By reducing inflammation in your body, you'll not only look and feel younger, but you'll also lower your risk for chronic disease. So, what is inflammation? Keep reading to find out everything about the body’s inflammatory process and how you can treat inflammation.
What is Inflammation?
Inflammation is a vital part of the body's immune response. It is the body's attempt to self-protection and to heal itself after an injury. Inflammation defends against foreign invaders such as viruses and bacteria; and heals wounds.
Without inflammation, damaged tissues would fester and infections could become deadly.
Inflammation does not mean infection. Infection is caused by a bacterium, virus or fungus, while inflammation is the body's response to it. When something harmful or irritating affects a part of our body, there is a biological response to try to remove it, the signs and symptoms of inflammation, specifically acute inflammation, show that the body is trying to heal itself.
Chronic inflammation is long-term and occurs in “wear and tear” conditions, including osteoarthritis, and autoimmune diseases such as lupus and rheumatoid arthritis, allergies, asthma, inflammatory bowel disease and Crohn’s disease.
Symptoms of inflammation:
The signs of normal inflammation are heat, pain, redness, and swelling. These signals tell you that your immune system is being called into action. Inflammation begins when pro-inflammatory hormones in your body call out for your white blood cells to come and clear out infection and damaged tissue. These agents have anti-inflammatory compounds, which move in once the threat is neutralized to begin the healing process.
Arteries dilate, blood flow increases, and capillaries become more permeable so that white blood cells, hormones and nutrients can move into the spaces between cells. White blood cells swarm the injured area and ingest germs, dead or damaged cells and other foreign materials to help heal the body. Hormones called prostaglandins create blood clots to try to heal the damaged tissue and remove them when healing is finished. They also trigger pain and fever as part of the healing process.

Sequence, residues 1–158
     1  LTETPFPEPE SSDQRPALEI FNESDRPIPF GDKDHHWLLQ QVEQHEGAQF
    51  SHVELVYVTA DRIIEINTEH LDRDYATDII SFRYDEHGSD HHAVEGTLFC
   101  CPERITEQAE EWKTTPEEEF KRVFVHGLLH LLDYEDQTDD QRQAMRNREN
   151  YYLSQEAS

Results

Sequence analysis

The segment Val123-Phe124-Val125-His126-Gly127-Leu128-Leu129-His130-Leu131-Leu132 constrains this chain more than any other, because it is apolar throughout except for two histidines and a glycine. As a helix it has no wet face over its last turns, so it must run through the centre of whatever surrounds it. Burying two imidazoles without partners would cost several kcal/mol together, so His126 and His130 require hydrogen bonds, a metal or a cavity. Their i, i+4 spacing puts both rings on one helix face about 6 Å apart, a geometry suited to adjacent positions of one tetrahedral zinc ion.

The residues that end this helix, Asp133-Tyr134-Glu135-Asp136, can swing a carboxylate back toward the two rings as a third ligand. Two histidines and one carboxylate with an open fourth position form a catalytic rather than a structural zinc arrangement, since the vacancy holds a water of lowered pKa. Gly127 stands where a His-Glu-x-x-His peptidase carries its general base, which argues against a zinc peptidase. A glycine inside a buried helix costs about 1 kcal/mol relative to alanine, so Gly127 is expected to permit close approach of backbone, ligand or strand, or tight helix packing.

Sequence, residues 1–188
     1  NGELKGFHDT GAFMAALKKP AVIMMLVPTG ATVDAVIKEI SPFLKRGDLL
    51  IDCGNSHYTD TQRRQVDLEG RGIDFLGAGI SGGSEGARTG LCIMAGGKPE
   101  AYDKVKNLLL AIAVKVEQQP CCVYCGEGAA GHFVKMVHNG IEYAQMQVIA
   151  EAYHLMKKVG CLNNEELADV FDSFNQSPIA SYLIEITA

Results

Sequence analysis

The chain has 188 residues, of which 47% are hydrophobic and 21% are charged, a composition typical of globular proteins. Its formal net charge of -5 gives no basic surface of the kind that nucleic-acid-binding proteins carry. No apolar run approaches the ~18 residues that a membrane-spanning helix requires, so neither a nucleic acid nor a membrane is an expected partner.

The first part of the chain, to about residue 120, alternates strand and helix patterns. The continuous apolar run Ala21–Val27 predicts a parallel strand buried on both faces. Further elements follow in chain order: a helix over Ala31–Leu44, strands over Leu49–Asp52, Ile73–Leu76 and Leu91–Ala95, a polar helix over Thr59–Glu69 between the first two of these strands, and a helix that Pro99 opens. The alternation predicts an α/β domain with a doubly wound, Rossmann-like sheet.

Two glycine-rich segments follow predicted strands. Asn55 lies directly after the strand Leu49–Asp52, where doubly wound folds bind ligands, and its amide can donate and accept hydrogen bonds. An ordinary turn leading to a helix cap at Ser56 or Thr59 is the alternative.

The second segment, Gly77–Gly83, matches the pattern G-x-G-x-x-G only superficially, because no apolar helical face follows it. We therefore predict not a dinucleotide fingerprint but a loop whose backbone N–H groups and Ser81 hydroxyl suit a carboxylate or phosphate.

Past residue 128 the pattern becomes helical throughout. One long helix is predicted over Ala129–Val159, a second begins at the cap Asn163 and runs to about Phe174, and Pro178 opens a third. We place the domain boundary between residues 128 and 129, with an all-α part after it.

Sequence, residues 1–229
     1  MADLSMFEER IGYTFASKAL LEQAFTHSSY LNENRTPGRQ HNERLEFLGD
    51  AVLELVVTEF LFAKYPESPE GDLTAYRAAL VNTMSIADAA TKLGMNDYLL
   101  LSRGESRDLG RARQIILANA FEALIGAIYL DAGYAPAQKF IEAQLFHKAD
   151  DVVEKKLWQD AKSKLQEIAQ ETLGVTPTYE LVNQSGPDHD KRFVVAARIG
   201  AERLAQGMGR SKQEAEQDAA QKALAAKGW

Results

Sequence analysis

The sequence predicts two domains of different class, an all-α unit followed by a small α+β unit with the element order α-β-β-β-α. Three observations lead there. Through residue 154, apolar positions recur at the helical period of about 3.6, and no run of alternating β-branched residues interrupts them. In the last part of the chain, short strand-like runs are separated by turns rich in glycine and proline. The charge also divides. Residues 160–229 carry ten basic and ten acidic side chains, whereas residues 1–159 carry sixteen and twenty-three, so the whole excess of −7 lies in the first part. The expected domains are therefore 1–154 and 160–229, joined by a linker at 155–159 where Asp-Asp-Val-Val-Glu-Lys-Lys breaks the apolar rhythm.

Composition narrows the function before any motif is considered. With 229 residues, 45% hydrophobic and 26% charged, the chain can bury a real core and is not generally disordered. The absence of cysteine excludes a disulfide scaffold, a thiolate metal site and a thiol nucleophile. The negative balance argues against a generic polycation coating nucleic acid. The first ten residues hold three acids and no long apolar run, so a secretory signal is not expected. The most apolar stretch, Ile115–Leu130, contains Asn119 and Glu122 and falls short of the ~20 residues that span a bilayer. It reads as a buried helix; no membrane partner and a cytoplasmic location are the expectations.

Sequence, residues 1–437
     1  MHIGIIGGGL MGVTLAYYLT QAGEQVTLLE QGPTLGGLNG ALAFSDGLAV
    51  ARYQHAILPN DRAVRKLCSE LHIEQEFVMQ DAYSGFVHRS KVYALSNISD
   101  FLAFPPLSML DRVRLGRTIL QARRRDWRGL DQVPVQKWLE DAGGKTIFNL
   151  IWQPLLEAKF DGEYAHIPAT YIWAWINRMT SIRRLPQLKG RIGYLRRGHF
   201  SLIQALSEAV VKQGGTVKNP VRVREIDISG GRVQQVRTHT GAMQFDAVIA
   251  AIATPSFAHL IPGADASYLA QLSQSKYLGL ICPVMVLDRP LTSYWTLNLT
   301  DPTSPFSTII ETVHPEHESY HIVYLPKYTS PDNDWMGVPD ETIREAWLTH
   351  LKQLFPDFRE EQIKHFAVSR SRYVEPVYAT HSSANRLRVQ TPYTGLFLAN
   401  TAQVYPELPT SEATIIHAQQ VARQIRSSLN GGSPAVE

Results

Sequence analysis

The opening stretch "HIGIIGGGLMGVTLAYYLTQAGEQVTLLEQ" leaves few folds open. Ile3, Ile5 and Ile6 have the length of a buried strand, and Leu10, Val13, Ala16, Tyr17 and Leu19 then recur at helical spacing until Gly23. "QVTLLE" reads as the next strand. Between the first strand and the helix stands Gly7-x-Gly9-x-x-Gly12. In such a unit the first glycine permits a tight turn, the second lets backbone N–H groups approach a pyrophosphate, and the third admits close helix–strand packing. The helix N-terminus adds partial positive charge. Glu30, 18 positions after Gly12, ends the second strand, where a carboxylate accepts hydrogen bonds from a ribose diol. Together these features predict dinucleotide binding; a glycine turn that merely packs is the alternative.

Causes of Inflammation
Habitual or environmental factors, such as excess weight, lack of exercise, stress, smoking, pollution, poor oral health, excessive alcohol consumption and poor diet can lead to chronic inflammation. Here are some of the food ingredients that may trigger more inflammation in your body:
- Saturated fats,
- Trans fats,
- Refined carbs,
To restore your body's balance, it’s crucial to keep a healthy diet and lifestyle. When your body is in an inflammatory state, what you eat may not only increase inflammation, it can also set you up for other chronic conditions such as obesity, heart disease and diabetes.
There are a number of treatment options for inflammatory diseases including medications, rest, exercise, and surgery. The type of treatment prescribed will depend on several factors, including the type of disease, the person's age, type of medications he or she is taking, overall health, medical history, and severity of symptoms.
Anti-inflammatory Diet and Foods